My main point with this poem was to critique aspects of American culture and some excesses of celebrities (e.g. the rock star throwing the TV out of the hotel window kind of thing) – I did write the piece over twenty five years ago, too, but would still stand by what I have to say in it in general terms, even if my overall view of Elvis himself has modified a little over the years. (I do like his music and talent, too, but dealing with that would form the basis of a different poem for me.)

  13. Enjoyed this poem, Kevin. It reminds me of a couple of Warren Zevon songs about Elvis and his fall from grace: “Porcelain Monkey” and “Jesus Mentioned”. The former refers to a porcelain monkey that Elvis kept at Graceland:

    “He threw it away for a porcelain monkey
    Gave it all up for a figurine
    He traded it in for a night in Las Vegas
    And his face on velveteen”

    I think there’s a bit of irony going on too – as Elvis supposedly died while sitting on the dunny (i.e. porcelain). That’s right folks, the king died on the throne.

  14. Kevin Densley says

    Hi Damian – thanks for your comments. Yes, the notion of a fall from grace (e.g. “fell from innocence”) is certainly something I touched upon in the poem. I really like the Zevon quote too – such a brilliant songwriter.

    And, believe it or not, I’ve written a brief poem about his (supposed) death on the loo! I may post it sometime.

  15. Hi Kevin

    Yes, I got the connotation to American excess and as I mentioned, this would be better over a beer, which I look forward to when we can! I don’t know if you’ve heard Dylan’s Murder Most Foul, but that is a view of American excess and our focus on pop culture at the expense of following grander dreams and ideals. (by the way, that was my clever attempt to draw Damian into the discussion and reference Elvis one more time!)

    Yep, big WZ fan here too.

  16. Kevin Densley says

    Fair enough to all that, Rick!

    I will try to get to an Almanac lunch (or something along those lines) as soon as one happens – and it would certainly be good to have a beer and talk music – and whatever else!


  17. Rick, you know I can never resist bringing Zevon into the conversation.

    And Kevin, would love to see the Elvis/loo poem. I had a go at this ‘king died on his throne” topic too once, but couldn’t quite get the rhyme and metre right.

  18. Someone pointed out the other day that if Jesus had died like Elvis Christians would all be wearing dunnies round their necks.
    Worth noting, I think, that Elvis was a very simple man who struggled to remember lyrics.

  19. Kevin Densley says

    Hi Damian. Here’s the hitherto unpublished loo poem, very succinct:

    Death of Presley

    The King died on the dunny,
    his silk pyjamas ankle-low.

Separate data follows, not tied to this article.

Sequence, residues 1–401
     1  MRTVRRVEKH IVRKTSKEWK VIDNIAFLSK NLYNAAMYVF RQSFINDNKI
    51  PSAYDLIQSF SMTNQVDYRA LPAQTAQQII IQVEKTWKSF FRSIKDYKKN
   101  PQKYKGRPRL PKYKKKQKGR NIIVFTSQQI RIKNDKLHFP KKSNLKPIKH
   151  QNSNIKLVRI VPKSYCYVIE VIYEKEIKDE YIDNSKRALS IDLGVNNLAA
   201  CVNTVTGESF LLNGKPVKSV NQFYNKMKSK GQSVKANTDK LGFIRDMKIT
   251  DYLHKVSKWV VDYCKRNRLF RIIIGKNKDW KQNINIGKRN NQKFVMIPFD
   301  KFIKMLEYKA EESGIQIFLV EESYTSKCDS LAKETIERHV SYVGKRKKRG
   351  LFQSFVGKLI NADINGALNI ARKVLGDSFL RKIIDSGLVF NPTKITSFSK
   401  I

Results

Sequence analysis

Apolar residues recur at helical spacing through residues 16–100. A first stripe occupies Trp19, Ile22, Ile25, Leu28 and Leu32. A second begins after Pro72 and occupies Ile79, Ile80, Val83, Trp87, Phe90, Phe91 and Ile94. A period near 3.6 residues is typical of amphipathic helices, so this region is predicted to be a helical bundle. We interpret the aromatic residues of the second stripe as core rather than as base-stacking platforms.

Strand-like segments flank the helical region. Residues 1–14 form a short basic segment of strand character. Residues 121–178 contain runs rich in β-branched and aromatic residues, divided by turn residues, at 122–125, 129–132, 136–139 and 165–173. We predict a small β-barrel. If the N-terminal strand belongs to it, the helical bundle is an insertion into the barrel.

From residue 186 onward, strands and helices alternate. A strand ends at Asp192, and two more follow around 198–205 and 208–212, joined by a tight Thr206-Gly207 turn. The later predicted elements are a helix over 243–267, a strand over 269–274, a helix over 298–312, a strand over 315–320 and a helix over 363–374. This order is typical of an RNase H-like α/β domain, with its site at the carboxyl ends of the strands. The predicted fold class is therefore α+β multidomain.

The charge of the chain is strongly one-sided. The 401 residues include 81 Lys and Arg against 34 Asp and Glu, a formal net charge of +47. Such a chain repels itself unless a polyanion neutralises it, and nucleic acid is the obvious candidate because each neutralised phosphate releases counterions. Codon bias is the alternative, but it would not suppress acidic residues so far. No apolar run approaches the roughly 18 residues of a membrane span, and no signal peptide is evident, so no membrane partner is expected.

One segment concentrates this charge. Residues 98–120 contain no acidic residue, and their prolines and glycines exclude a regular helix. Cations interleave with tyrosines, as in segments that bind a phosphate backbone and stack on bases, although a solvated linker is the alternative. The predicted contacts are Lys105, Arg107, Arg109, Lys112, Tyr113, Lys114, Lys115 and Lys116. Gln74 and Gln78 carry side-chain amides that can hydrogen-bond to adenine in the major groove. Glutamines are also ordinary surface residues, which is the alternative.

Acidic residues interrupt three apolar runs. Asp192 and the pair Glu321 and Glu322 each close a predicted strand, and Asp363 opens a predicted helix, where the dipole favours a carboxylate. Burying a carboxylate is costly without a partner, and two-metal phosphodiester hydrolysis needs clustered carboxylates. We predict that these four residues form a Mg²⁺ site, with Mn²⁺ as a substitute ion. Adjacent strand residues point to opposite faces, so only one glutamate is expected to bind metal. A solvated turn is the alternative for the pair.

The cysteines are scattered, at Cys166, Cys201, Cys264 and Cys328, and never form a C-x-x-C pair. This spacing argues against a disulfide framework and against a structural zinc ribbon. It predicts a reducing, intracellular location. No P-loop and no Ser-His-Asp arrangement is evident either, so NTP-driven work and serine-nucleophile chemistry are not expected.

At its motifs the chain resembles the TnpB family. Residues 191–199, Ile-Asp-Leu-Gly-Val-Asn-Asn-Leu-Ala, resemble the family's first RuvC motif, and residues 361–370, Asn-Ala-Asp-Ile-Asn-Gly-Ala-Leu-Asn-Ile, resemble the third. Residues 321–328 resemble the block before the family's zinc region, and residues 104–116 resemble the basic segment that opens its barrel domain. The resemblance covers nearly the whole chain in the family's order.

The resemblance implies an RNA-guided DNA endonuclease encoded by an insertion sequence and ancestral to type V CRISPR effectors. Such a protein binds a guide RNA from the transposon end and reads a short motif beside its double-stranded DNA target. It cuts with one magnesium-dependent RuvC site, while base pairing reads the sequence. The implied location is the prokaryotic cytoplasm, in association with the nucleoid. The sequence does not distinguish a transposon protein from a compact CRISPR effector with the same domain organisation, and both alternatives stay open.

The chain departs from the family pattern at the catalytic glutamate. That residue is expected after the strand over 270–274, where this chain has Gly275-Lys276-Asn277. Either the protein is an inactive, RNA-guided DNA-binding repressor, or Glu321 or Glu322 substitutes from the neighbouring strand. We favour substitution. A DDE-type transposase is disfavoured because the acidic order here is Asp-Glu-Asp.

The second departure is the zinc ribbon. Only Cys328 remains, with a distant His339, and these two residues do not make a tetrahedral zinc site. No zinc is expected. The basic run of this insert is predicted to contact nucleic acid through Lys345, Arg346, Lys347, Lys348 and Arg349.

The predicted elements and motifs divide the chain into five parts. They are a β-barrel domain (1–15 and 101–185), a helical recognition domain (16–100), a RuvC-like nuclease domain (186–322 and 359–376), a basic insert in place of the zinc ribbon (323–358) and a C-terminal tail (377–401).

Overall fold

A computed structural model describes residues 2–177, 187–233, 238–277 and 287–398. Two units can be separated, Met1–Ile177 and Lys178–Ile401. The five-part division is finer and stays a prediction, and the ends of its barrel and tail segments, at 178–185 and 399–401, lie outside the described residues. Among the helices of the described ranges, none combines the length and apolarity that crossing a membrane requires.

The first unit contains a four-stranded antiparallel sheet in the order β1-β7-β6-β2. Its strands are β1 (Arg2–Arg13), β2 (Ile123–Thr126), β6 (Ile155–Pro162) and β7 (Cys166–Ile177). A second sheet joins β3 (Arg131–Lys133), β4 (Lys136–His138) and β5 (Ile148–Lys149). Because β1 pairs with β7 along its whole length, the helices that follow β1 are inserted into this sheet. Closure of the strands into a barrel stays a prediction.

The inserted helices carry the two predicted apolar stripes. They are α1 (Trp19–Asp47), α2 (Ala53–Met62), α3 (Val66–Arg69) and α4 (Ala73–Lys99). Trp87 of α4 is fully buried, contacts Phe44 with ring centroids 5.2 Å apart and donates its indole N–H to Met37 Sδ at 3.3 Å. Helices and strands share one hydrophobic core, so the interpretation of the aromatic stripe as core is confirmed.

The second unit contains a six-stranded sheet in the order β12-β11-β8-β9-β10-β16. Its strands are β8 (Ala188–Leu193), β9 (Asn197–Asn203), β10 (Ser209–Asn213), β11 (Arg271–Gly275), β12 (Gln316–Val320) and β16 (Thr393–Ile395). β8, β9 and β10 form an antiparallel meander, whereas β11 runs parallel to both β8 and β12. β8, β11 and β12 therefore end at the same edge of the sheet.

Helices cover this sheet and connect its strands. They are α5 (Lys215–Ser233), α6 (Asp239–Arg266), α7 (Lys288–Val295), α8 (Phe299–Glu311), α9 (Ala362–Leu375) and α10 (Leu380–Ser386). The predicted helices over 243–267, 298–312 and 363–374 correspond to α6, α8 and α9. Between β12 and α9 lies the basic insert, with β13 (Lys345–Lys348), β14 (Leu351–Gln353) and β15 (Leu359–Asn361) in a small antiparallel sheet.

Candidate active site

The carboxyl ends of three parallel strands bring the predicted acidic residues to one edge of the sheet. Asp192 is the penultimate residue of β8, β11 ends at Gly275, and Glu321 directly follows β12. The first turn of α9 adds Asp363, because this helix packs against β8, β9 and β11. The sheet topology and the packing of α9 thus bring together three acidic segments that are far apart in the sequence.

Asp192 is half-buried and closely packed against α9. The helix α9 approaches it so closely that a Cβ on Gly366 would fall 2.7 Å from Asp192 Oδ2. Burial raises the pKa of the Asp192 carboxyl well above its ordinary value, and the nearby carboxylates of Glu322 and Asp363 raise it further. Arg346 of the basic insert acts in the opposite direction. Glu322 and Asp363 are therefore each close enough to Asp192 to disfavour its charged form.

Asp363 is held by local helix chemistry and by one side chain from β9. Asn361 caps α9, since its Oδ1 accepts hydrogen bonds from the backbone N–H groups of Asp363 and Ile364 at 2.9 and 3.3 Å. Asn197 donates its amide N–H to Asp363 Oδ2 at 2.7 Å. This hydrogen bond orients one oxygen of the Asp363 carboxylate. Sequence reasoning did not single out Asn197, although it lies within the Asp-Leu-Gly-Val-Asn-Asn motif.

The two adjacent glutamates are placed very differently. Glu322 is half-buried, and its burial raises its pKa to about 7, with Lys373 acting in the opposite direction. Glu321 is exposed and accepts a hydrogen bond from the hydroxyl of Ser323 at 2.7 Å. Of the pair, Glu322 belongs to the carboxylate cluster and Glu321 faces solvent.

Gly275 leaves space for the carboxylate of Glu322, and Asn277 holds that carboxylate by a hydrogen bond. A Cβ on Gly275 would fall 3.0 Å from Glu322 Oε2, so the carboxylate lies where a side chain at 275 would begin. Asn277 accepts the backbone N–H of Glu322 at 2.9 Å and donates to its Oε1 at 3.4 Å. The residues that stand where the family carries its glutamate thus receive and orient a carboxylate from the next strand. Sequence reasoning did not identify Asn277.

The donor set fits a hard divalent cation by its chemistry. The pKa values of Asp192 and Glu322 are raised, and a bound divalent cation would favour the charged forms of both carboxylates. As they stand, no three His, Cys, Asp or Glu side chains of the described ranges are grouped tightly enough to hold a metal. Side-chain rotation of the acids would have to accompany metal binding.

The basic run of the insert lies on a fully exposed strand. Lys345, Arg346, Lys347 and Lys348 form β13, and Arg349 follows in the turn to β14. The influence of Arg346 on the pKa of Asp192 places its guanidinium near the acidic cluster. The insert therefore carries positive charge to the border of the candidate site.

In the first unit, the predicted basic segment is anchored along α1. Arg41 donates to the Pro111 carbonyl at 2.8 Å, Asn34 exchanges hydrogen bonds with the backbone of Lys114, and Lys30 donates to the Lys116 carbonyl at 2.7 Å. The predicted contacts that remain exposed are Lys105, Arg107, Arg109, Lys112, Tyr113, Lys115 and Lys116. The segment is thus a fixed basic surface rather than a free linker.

Just underlines the old saying, I guess
    – when you’ve gotta go, you’ve gotta go.

  20. Kevin Densley says

    Thanks, ajc, for your contribution.

    It might interest you to know that when my Elvis cheeseburger poem was originally published in an Australian magazine called Muse, it appeared alongside a poem that dealt with a, let’s say, “foreign” department store – in the store they’d mucked up their Christian Easter religious iconography, so that on their wall display Santa was nailed to a cross!

  21. Kevin Densley says

    Correction to my response immediately above, ajc – the “foreign” department store mucked up their CHRISTMAS display, such that they featured in it Santa nailed to the cross! (Even more absurd and funny, really.)

  22. Mr Stan Kluzek says

    Excesses of celebrity vs Lack of Ambition
    Elvis once said, close to his death, that he was tired of being Elvis. Due to his inability to jettison his management and hangerons, he had lost his ambition. Excesses of being a celebrity, maybe, but two of Elvis favourite songs were Walk a Mile in my Shoes and this Following one. It may explain a few things.

    You’ll meet many just like me upon lifes busy street.
    With shoulders stooped and heads bowed low and eyes that stare in defeat.
    For souls that live within the past where sorrow plays all parts,
    For a living death is all that’s left for men with brokens hearts.
    You have no right to be the judge, to criticize and condemn.
    Just think but for the grace of God it would be you instead of him.
    One careless step, a thoughtless deed and then the misery starts
    And to those who weep death comes cheap, these men with broken hearts.
    Humble you should be when they come passing by,
    For its written that the greatest of men never get to big to cry.
    Some lose faith in love and life when sorrow shoots her darts,
    With hope all gone, they walk alone these men with broken hearts.
    You’ve never walked in that man’s shoes or saw things through his eyes,
    Or stood and watched with helpless hands while the heart inside you dies.
    Some were porpers, some were kings, some were masters of the arts,
    But in their shame they’re all the same, these men with broken hearts.
    Life sometimes can be so cruel that a heart will pray for death.
    God why must these living dead know pain with every breath?
    So help your brother along the road, no matter where he starts!
    For the God that made you, made them too. These men with broken hearts!

  23. Kevin Densley says

    Many thanks for your interesting comments about Elvis, Stan – and for providing the song lyric, too.

  24. Hey Anson, that Elvis/Jesus reference reminds me of the brilliant Lenny Bruce joke re Jesus. If he was killed in our times it would be via the electric chair. He said, imagine rather than a crucifix, Christians would have electric chairs hanging from their neck.

Leave a Comment